£30m sits unused on London Oyster travel cards
- 28 May 2010
- From the section Business
Almost £30m has been left unused on Oyster pay-as-you-go (PAYG) for at least a year, the BBC has learned.
A total of 16.5m PAYG cards sat idle during the year from April 2009 to April 2010. The average amount on each card was £1.80.
Transport for London (TfL) says no card is deemed as expired and users can always claim the balance back.
The smart cards are used to pay for travel in London. There are plans to roll out similar schemes across the UK.
Oyster cards can be topped up for use on buses, tubes and trains across the capital.
Last year alone, 31,000 PAYG cards were issued and topped up but never subsequently used, even though they held £246,000 worth of travel on them, according to information obtained in a Freedom of Information (FOI) request.
"Pay-as-you-go Oyster cards do not expire and customers are able to return their cards at any time for a refund of the remaining balance and card deposit," Transport for London said.
"Revenue generated from fares, including Oyster fares, is used to operate, maintain and upgrade London's transport network.''
However, if your card is lost or stolen you will only be able to make a claim if you had already registered your card with Transport for London.
Director of fares and ticketing Shashi Verma added that TfL had tried to make it "as easy as possible" for commuters to reclaim the balance on their Oyster cards.
"Many don't claim it back as it's just pennies and obviously some of these are tourists," he added.
"One of the busiest places that we have issuing refunds is Heathrow Airport and we provided that facility at Heathrow precisely for this reason, because there are people exiting the country."
TfL added that the £29.85m balance on cards that have not been used for a year equates to just over a week revenue from PAYG top-ups. The firm, which is a not-for-profit organisation, brings in a total of £3bn in revenues annually.
A similar "smart card" scheme currently operates in Newport, and the Welsh city plans to introduce a pay-as-you-go service in several days.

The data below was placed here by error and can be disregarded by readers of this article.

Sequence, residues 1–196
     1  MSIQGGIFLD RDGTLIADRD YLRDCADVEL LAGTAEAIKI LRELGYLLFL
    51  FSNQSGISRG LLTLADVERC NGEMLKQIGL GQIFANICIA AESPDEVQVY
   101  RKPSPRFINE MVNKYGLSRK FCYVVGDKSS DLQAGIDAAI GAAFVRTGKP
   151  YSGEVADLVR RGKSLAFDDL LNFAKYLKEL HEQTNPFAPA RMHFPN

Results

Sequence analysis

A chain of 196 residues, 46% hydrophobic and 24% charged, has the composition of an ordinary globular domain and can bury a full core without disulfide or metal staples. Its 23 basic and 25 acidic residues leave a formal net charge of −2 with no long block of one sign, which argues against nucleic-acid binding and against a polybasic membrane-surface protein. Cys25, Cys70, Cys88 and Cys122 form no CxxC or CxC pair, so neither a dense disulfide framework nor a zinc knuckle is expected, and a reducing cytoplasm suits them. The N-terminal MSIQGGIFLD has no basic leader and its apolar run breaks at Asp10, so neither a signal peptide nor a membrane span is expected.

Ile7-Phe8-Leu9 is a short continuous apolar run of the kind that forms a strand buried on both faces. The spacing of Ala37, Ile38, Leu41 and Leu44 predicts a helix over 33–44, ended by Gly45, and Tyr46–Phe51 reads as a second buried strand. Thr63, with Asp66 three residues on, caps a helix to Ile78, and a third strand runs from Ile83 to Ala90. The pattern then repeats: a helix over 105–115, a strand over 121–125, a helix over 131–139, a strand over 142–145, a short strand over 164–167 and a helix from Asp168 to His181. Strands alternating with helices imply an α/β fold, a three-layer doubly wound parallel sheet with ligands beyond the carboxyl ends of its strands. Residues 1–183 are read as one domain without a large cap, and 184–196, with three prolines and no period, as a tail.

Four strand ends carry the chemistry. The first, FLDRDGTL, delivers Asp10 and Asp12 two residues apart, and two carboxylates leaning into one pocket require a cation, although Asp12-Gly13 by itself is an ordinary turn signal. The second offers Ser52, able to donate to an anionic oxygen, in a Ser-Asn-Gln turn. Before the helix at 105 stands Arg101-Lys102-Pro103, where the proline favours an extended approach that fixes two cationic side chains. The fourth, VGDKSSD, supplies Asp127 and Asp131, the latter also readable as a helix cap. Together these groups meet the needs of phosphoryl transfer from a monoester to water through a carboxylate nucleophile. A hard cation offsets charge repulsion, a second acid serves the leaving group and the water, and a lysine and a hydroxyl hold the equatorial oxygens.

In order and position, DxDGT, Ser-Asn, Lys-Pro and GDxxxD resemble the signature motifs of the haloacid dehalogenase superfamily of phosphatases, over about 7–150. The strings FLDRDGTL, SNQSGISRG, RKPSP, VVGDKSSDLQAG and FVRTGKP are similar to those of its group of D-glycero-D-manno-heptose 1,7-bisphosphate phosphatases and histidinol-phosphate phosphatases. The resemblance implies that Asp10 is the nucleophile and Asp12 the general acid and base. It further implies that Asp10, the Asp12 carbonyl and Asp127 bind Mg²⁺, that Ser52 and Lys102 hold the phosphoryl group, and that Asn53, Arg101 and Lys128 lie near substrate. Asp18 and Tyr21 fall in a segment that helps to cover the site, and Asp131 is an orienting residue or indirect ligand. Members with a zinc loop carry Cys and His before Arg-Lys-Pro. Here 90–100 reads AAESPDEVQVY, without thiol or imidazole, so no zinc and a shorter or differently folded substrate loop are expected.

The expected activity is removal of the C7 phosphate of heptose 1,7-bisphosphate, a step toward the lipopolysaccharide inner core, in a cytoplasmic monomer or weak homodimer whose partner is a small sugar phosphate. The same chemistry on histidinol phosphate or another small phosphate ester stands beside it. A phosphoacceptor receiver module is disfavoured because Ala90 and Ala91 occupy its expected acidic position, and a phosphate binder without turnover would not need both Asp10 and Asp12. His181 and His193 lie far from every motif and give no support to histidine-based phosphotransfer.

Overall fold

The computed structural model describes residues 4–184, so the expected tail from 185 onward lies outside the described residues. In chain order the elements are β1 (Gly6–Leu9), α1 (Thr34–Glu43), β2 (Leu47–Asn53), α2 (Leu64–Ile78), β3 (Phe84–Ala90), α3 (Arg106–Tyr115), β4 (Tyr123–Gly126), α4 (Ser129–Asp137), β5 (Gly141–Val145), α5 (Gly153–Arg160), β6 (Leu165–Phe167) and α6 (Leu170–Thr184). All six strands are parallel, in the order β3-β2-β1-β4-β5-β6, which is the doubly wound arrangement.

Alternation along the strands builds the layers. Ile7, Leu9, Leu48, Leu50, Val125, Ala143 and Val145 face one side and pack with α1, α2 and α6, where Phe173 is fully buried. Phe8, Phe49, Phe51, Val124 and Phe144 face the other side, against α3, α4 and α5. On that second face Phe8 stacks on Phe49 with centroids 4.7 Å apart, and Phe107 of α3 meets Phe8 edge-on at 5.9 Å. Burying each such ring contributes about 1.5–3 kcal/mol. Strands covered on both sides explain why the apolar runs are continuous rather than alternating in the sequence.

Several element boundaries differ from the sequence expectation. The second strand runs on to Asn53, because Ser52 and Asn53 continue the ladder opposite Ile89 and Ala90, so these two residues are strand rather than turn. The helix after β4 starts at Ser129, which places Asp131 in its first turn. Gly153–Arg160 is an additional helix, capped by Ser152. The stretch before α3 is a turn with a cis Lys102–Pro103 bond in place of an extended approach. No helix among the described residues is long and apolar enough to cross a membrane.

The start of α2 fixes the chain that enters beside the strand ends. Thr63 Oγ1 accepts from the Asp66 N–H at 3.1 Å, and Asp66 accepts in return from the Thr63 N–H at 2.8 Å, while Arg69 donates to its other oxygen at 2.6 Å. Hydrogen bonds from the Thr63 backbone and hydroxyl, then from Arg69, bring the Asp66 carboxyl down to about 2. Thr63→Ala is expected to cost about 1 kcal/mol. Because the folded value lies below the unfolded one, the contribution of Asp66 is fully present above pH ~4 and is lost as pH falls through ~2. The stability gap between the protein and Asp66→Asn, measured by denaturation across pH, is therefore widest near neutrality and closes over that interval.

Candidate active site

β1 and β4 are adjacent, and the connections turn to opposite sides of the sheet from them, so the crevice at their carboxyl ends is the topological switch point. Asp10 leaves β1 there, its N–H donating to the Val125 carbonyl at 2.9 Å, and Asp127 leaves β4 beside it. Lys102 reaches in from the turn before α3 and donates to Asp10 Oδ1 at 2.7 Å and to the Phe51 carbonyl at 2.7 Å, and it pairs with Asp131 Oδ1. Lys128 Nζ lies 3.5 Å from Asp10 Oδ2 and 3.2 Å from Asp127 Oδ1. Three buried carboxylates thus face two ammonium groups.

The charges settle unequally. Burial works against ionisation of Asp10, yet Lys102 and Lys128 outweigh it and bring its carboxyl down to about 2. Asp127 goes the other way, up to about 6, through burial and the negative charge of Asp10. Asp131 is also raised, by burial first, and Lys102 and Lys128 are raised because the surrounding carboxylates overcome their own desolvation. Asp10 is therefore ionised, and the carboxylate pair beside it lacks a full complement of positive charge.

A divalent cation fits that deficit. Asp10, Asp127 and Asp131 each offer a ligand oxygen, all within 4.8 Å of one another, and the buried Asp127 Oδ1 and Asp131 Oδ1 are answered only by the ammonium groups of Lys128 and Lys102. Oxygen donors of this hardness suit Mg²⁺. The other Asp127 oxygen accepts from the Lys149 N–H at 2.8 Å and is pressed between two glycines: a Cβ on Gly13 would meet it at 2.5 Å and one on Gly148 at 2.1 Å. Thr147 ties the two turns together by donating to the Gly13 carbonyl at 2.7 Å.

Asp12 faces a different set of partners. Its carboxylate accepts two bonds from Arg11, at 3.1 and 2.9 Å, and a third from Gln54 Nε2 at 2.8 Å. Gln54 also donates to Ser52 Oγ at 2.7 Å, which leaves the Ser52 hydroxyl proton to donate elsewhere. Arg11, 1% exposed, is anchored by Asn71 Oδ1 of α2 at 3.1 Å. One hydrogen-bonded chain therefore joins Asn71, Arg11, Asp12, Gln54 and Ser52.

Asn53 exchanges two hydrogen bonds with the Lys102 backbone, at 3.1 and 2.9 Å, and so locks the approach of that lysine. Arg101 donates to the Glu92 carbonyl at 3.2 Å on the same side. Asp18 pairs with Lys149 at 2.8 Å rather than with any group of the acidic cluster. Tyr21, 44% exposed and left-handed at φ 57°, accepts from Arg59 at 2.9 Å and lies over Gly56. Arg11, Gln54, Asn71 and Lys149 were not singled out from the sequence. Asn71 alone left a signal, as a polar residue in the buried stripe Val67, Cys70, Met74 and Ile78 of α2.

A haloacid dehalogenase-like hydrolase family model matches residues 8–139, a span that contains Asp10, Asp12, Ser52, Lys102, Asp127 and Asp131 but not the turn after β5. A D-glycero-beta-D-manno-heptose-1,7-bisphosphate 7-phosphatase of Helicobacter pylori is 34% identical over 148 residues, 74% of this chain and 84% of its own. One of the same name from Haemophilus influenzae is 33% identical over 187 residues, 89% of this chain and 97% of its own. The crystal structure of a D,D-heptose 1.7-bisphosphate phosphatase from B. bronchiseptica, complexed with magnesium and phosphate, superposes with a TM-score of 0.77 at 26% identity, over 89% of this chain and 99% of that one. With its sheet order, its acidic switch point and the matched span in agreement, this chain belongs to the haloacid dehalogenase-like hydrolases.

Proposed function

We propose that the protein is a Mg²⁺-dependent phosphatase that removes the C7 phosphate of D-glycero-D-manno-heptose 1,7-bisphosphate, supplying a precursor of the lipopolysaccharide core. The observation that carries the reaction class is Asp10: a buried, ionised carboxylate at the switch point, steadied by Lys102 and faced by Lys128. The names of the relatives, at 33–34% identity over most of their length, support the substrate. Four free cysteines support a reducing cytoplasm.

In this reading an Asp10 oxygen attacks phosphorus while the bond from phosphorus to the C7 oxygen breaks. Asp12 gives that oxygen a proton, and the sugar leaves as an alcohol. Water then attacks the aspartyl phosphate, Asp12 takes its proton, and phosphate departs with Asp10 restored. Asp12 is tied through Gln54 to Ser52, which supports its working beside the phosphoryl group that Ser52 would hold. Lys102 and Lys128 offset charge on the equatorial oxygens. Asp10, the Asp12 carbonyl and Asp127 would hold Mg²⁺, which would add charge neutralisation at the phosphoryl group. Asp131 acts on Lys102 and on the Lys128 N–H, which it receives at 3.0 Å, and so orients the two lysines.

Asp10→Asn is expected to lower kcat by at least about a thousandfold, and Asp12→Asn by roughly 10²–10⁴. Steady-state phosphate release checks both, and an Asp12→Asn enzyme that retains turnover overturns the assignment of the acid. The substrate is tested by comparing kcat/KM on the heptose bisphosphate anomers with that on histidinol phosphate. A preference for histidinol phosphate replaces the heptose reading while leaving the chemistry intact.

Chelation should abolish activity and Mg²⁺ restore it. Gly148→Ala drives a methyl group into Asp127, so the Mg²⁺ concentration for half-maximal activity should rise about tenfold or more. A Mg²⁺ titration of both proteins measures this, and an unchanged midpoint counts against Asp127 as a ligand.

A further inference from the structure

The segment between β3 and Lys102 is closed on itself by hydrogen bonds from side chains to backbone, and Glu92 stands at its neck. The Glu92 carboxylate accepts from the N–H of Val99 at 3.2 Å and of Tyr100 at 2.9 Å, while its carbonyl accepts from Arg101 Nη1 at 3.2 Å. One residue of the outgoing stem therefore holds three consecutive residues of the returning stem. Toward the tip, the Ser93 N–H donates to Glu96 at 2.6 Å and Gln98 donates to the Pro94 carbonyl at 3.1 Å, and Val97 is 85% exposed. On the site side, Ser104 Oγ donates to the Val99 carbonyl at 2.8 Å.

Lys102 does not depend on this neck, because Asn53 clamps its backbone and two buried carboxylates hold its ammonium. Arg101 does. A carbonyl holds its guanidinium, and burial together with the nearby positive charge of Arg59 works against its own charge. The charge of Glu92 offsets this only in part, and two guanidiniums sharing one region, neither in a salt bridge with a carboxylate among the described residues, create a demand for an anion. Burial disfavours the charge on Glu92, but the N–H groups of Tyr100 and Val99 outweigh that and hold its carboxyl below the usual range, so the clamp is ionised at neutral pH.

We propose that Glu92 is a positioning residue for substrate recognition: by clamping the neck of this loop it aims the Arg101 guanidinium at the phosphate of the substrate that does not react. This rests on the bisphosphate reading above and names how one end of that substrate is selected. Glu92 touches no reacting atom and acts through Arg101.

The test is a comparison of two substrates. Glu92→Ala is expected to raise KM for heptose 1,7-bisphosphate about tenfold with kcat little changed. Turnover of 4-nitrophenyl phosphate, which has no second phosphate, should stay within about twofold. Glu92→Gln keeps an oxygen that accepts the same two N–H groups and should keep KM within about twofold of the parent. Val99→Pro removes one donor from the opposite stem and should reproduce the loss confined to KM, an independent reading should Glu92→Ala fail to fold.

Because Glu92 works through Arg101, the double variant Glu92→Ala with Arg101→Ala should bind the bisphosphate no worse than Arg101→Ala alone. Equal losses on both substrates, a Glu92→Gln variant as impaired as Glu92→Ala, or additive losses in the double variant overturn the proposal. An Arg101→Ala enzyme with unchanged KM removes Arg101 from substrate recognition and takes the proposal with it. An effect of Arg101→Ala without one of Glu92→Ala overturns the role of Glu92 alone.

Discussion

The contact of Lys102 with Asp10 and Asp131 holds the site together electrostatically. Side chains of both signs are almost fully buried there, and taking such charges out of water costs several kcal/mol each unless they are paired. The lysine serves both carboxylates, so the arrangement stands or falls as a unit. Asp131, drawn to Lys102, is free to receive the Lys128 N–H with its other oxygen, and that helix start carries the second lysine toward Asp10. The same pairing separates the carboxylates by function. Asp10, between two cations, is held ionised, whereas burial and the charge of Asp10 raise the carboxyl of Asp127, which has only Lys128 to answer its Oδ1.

However, unlike the Transport for London scheme, the new service will operate on a "use it or lose it" basis.
A spokesman for Newport Bus said that while the Passport card would never expire, users would be unable to return the card to the company and recover the remaining balance.
Elsewhere in the UK, smart card provider Squid helped Bolton council launch a local services card in 2008 which allows residents to top-up their card and spend the balance on local buses, or services such as leisure centres and libraries and shops. It now also operates a number of cashless schemes across Scotland.
And a number of local authorities have plans to introduce transport smart cards in the future - including Bristol, North and South Yorkshire, Reading, Bristol and the Midlands.
Smartcard Group managing director David Everett said he was "not surprised" by the £29.85m left unspent on Oyster cards in the past year.
He said most people don't realise that any kind of pre-payment card is likely to have unspent funds on it.
"People do lose smart cards, they don't spend them, or they put them away and, of course, the person who issues these cards effectively benefits."
Mr Everett added that the amount left unclaimed on pre-payment cards usually amounts to 2-10% of the value issued and this amount can be built into a company's business model.
"This allows you as a company to say your liabilities will reduce, but the only way to ensure this is if you say it expires over time - for example a gift card that expires after a year - then of course you get that value," he explained.